Dec 04 2007

A $67 electric bill

Last month, I decided I would track our major electricity usage. In this spreadsheet, I noted how often the dishwasher ran, how long the oven was on, and how many showers were taken that day in our all-electric apartment.

I thought this tracking would give me some clues about our energy use. In a way, it does.

For example, on Oct. 31, the dishwasher ran once, there were two showers totalling about 20 minutes, and the oven was on for about 20 minutes. We used 23.4 kwh.

But then, on Nov. 15, there was one 10-minute shower and nothing else–no dishwasher, no oven, no furnace. It was 23.9 kwh. What gives? I dunno.

In all, we used 516kwh according to our bill. The bill was $67.09. Last month, our bill was $86.46 for 648 kwh. It’s nice to know that we’ve cut our electricity usage by quite a bit.

$7 of the bill is a “customer charge” that appears every month. About $4 is tax.

I called a customer service representative to ask a few questions about my bill. He told me that since I live in an all-electric apartment, I have a discounted winter rate. That means from November-April, our rate will be about $0.026 per kwh once we reach 500 kwh. Woo hoo!

That knowledge has encouraged me to raise our thermostat just a little. It’s now set at 65 for the day and 62 for the night.

Another thing he said was to make sure my landlord has inspected my furnace to operate properly. He said if one of the four elements are not working, it could quadruple my electric bill. Yikes!

My furnace was inspected a few months ago, and I’ll continue to monitor my daily usage to see if it spikes.

For this new billing cycle, our furnace finally kicked on. It’s been really cold out, and come on–it’s November! It probably should come on every day now, unless we have a few more 60-degree days.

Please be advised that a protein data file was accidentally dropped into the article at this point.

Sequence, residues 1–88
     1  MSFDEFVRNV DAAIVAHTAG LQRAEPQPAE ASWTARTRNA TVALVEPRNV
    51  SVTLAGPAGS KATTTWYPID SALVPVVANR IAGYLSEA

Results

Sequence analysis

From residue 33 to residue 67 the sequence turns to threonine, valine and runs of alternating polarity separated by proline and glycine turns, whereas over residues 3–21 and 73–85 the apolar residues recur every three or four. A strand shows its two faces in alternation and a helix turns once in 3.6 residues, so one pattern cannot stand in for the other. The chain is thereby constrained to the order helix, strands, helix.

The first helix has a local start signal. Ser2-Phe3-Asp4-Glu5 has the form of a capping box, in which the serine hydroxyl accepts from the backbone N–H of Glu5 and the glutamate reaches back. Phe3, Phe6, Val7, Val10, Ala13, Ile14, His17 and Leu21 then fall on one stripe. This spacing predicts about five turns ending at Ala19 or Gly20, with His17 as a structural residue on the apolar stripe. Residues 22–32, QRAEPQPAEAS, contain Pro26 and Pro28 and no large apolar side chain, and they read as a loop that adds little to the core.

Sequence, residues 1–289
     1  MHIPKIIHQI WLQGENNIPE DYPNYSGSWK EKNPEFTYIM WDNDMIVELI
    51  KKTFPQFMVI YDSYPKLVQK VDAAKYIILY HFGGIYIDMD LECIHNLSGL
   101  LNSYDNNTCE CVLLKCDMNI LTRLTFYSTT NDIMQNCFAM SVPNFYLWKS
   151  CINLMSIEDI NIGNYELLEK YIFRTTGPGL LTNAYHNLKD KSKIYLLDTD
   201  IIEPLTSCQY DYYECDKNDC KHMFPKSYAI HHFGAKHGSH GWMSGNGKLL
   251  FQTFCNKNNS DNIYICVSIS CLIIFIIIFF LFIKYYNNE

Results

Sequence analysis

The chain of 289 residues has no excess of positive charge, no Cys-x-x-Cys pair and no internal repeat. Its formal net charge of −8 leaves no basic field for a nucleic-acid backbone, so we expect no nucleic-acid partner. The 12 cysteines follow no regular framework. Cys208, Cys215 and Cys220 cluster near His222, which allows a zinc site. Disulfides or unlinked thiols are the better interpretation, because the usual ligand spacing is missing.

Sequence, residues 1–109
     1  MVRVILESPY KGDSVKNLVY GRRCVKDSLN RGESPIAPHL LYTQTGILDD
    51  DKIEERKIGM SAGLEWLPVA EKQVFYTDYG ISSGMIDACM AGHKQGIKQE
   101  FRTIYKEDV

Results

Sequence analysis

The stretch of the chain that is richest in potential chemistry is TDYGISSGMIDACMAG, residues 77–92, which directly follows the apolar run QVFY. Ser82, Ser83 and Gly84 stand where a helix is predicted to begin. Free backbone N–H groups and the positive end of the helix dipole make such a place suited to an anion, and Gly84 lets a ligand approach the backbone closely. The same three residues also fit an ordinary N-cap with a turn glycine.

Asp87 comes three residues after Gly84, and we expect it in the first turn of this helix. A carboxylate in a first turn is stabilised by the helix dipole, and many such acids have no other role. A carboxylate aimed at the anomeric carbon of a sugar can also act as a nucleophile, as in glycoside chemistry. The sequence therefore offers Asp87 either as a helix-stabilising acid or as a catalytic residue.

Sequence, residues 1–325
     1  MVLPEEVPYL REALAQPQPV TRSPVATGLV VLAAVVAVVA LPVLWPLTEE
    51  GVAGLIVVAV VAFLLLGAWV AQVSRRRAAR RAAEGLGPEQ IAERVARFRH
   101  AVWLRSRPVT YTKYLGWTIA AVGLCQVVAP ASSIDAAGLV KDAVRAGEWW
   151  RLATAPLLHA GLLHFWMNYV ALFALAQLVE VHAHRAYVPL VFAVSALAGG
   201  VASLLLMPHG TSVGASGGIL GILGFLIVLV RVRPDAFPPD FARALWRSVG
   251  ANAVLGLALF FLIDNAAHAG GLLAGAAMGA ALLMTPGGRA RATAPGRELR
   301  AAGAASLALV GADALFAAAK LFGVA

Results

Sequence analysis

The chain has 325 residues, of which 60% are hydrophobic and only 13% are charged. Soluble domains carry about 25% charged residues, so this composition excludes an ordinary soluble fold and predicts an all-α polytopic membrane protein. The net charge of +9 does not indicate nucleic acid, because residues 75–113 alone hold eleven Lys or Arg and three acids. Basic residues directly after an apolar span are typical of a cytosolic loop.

How have your electric bills been treating you? Do you have all-electric or all-gas? A split between the two? Do you have alternative heat sources such as a wood fireplace? 



2 Responses to “A $67 electric bill”

  1. Fascinating research. What explains that on a lower-usage day you had a higher rate?

    We have gas for stove and heat (hot water radiators). Our electric bill is usually about $30 because we pay the exterior lights on our house as well as our apartment (we bought a 3-unit house, live in one). Actually, all our utilities are complicated because they are tax-deductible (except our 1/3 share) and they apply to living space other than ours.

    To minimize electricity, we use compact fluorescent light bulbs in all our lights possible and only use lights for tasks (not mood lighting). I also very rarely use our dryer, instead drying clothes outside on a line or inside on a drying rack. If we are not on the computer, it’s in sleep mode with the monitor turned off or the whole thing is shut down.

  2. I have no idea why I had a higher rate on a lower-usage day. We’re fairly consistent on how often the lights are on (and we have mostly CFL bulbs).

    Maybe we took hotter showers? It’s hard telling.

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Hey! I'm Kacie, wife to Shane and mother to Jonathan (7), Vivienne (5) and Amelia (2) . I write about my family's finance: how we save money, improve our spending, and plan for the future.

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